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Authentication protocols overview

Updated: January 21, 2005

Applies To: Windows Server 2003, Windows Server 2003 R2, Windows Server 2003 with SP1, Windows Server 2003 with SP2

Authentication protocols overview

Authentication is a fundamental aspect of system security. It confirms the identity of any user trying to log on to a domain or access network resources. Windows Server 2003 family authentication enables single sign-on to all network resources. With single sign-on, a user can log on to the domain once, using a single password or smart card, and authenticate to any computer in the domain.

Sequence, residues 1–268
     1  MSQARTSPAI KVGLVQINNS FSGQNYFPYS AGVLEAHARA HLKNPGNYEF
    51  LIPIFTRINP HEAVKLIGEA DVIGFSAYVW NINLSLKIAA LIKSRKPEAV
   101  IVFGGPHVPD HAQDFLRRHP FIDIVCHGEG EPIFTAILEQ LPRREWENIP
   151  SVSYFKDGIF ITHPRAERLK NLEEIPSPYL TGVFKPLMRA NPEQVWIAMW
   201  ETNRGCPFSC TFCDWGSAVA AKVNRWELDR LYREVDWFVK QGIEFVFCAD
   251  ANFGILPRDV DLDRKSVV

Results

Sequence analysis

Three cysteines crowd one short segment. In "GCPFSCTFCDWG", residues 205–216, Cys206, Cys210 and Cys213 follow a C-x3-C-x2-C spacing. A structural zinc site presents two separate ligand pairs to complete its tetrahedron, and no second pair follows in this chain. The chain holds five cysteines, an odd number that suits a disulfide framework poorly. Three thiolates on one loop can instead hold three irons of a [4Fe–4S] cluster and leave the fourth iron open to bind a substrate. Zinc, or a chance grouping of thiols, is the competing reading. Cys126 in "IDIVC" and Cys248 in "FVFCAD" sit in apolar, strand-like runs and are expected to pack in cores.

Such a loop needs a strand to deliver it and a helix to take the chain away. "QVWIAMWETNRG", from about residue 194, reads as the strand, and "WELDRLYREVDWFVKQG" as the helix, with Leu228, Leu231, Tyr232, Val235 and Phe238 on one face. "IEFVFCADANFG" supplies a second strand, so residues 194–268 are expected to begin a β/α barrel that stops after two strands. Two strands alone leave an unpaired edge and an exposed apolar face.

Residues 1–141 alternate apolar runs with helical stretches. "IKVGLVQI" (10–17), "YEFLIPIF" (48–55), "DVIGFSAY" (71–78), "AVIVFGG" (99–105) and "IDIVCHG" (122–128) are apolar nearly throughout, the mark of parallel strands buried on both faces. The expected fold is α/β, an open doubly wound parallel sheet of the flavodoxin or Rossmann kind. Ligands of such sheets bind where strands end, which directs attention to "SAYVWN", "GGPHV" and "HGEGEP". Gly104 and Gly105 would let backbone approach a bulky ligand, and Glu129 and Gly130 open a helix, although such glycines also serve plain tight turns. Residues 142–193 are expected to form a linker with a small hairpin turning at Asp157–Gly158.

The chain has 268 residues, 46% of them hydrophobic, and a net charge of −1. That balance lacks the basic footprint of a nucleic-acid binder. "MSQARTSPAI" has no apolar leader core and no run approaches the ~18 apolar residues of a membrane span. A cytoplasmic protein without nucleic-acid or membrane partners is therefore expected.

Authentication types

When attempting to authenticate a user, several industry-standard types of authentication may be used, depending on a variety of factors. The following table lists the types of authentication that the Windows Server 2003 family supports.

 

Authentication protocols Description

Kerberos V5 authentication

A protocol that is used with either a password or a smart card for interactive logon. It is also the default method of network authentication for services.

SSL/TLS authentication

A protocol that is used when a user attempts to access a secure Web server.

NTLM authentication

A protocol that is used when either the client or server uses a previous version of Windows.

Digest authentication

Digest authentication transmits credentials across the network as an MD5 hash or message digest.

Passport authentication

Passport authentication is a user-authentication service which offers single sign-in service.

For more information on authentication types, see "Logon and Authentication" at the Microsoft Windows Resource Kits Web site.

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